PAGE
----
anglican focus

The news site of the Anglican Church Southern Queensland: nourishing and connecting our faith community


The bells toll for new ringers at St John’s Cathedral

St John’s Cathedral is calling for new bell ringers: do you have rhythm and a knack for patterns?

2 Photos

St John’s Anglican Cathedral bell ringers (L-R): Mike Toze, Dr Ian McCulloch, Tom Finn, Lynn Healy, Lisa Doyle, Kellie Hajek, Peter Healy

Wanted: People with rhythm and some knack for patterns to pull on ropes. No experience necessary. Basic musical ability is an asset. Remuneration is modest, but training is free!!

If this sounds like you, then St John’s Cathedral has a job for you – joining its ranks of bell ringers who peal the 12 bells from the tower high above Ann Street in Brisbane.

The Cathedral is on the hunt for up to five new bell ringers after the departure of several colleagues for different reasons. The ringers are on duty in the bell tower every Sunday morning and for weddings and other special services throughout the year, pulling on the bell ropes with a well-honed synchronicity.

Tower captain Dr Ian McCulloch is a third generation bell ringer who started playing when he was 15. It has been a lifelong passion for the University of Queensland quantum mechanics lecturer and researcher who had a ‘hobby highlight’ in 2015 when he travelled to London and rang the bells at Westminster Abbey for the 100th Anzac Day anniversary celebrations.

“You meet people from all walks of life in this hobby, which can be quite physical especially with some of the bells here at St John’s weighing up to 835kg,” Dr McCulloch said.

“We’re looking for four or five bell ringers. If they have played before, that would be fantastic (I play the trombone), but no prior bell ringing experience is necessary.

“The bell is a musical instrument – a percussion instrument – and while some music knowledge and ability are helpful, it’s not a pre-requisite to become a bell ringer. You need a good sense of rhythm and it helps if you’re good at patterns, as a lot of the playing involves learning and performing to a pattern and as part of a team of up to eight or 10 bell ringers.”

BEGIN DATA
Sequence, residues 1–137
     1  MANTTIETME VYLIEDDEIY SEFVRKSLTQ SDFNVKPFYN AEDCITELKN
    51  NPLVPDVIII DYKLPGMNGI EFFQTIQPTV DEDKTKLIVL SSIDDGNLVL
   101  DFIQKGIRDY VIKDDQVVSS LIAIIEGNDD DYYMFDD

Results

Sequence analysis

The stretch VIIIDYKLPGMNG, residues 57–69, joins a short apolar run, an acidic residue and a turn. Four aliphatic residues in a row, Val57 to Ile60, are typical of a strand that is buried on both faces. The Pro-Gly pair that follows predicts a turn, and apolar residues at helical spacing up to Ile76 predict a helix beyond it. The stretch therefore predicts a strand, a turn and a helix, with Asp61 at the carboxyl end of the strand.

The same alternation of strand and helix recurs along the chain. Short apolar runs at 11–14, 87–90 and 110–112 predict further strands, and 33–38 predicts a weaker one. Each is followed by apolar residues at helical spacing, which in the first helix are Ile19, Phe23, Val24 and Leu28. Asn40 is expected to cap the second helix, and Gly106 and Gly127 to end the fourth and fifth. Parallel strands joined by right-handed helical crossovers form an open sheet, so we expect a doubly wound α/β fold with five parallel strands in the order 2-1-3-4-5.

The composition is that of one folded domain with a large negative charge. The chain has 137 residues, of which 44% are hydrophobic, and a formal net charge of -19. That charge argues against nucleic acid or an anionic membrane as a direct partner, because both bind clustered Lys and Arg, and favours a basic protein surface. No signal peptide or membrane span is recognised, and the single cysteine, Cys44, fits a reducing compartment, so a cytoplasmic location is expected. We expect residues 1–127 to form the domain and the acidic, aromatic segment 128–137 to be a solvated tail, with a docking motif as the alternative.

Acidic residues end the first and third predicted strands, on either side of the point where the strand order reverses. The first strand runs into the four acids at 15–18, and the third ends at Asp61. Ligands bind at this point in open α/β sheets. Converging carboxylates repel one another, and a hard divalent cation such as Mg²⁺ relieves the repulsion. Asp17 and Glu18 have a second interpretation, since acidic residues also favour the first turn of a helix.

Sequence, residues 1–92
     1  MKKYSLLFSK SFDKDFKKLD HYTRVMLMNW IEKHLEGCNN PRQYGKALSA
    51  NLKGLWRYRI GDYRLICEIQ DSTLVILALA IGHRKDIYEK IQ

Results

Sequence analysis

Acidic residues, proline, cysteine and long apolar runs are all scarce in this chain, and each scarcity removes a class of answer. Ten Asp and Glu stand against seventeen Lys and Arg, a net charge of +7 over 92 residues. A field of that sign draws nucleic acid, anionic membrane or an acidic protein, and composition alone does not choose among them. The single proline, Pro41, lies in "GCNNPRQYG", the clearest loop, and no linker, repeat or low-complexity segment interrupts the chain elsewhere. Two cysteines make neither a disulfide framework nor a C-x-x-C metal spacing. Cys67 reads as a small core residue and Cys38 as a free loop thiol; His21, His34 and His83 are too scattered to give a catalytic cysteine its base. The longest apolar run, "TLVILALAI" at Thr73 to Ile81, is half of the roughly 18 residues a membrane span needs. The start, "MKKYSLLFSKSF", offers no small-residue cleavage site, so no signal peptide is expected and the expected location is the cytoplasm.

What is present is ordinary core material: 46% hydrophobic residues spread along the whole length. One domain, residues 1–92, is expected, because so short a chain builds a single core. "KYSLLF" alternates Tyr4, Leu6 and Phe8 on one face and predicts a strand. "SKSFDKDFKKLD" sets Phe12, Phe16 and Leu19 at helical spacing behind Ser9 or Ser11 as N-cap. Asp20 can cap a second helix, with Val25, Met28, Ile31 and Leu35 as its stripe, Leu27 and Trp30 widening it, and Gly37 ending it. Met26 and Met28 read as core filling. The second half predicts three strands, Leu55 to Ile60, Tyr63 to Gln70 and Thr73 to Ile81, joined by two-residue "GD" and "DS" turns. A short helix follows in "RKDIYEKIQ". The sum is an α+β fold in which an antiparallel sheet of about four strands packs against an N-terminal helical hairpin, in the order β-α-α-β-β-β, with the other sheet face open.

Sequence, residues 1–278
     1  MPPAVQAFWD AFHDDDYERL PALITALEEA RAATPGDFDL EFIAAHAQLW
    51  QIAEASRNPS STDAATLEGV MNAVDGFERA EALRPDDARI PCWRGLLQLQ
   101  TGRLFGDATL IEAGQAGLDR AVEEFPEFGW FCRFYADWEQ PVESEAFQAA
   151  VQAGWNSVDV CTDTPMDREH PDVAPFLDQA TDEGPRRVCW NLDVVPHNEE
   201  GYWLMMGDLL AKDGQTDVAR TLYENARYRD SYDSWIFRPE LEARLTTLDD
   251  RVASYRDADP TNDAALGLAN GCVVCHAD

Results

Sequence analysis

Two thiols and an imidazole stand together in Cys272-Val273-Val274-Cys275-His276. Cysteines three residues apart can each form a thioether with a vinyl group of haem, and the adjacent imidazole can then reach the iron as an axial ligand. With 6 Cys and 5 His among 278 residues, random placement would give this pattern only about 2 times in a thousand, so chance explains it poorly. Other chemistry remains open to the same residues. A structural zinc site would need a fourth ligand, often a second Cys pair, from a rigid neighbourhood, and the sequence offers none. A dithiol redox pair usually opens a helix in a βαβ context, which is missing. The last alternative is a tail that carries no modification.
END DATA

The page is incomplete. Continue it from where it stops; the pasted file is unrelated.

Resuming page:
Channel Nine News, Brisbane featured a story on the bell ringers on Sunday 21 October and the story ‘resonated’ with over 250,000 viewers who watched the story. Dr McCulloch is hopeful his phone will start ringing soon from wannabe bell ringers!

Lisa Doyle embarked on the holiday of a lifetime last year, leaving Dublin and travelling to Australia via New Zealand. By her admission she’s not greatly proficient with musical instruments, but became a bell ringer back home after seeing a news story when she was 24 about the local church which was looking for recruits.

She joined the St John’s Cathedral troupe in May this year not long after arriving in Brisbane and has quickly become a valued team member.

“I just thought it would be fun and a cool thing to do especially as part of a group. I’ve made new friends here in Brisbane and the bells here at St John’s are amazing. I’m told they’re among some of the best in the world,” Ms Doyle said.

Also part of the St John’s bell ringing troupe is 80-year-old Mike Toze, who started ringing bells in Dorset when he was just 11 years old.

St John’s Cathedral is home to 12 bells, housed in the central tower for traditional English-style change ringing. The bells, which weigh between 245kg and 835kg, are rung for services every Sunday and on special occasions such as weddings. St John’s is only one of two towers in Brisbane to have bells arranged for change ringing, and only one of three in Queensland.

The bells have a long and interesting history, having first been purchased by public subscription back in 1876 by the oldest bell founder in the world, the Whitechapel Company.

On Sunday 11 November, the Cathedral bell ringers will join with colleagues at cathedrals and churches around the world as part of the Ringing Remembers campaign for Armistice Day – 100 years after the end of World War 1.

The event will also serve as an act of remembrance of the 1,400 bell ringers who died in WWI.

If you’re interested in becoming a bell ringer, ring St John’s Cathedral on 07 3835 2222.

Bell ringing fun facts:

  • Change ringing is the art of ringing a set of tuned bells in a controlled manner to produce variations in their striking sequences, which originated in England in the early 17th century.
  • The 12 bells of St John’s Cathedral have been named after the eleven Deans and one Administrator who have been charged with the responsibility for the Cathedral since 1925.
  • The St John’s Cathedral bell ringers practise every Monday night. The ringers regard it as a good physical workout especially the “walk to work”, which involves climbing the 105 stairs up the narrow winding stairwell to the bell tower!
  • The cathedral bells were only finally and properly hung in the Cathedral bell tower for full circle ringing, being dedicated on 13th March 1988.

(L-R): Dean of St John's Anglican Cathedral The Very Rev'd Dr Peter Catt, tower captain Dr Ian McCulloch and the Lord Mayor of Brisbane Graham Quirk in the Cathedral bell tower to promote the Armistice Day bell ringing event.


The Lord Mayor of Brisbane, Graham Quirk, ringing a bell while visiting the Cathedral to promote the Armistice Day bell ringing event